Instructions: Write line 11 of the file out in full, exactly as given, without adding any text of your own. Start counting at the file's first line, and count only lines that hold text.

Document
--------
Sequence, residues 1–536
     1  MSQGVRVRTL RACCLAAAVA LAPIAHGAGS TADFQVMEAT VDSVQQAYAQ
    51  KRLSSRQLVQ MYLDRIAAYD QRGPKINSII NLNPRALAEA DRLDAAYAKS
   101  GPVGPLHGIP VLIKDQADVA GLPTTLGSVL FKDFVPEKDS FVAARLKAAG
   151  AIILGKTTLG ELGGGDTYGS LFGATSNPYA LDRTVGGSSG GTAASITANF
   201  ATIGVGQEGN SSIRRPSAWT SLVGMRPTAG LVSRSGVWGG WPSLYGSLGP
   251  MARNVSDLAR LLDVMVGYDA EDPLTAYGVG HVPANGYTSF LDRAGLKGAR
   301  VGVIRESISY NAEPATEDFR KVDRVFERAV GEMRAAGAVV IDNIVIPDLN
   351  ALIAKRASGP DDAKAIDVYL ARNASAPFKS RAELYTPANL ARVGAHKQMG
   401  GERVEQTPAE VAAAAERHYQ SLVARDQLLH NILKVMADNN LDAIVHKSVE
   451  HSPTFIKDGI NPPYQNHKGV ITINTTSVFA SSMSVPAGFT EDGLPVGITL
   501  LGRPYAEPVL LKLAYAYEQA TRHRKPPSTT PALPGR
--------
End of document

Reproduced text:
   451  HSPTFIKDGI NPPYQNHKGV ITINTTSVFA SSMSVPAGFT EDGLPVGITL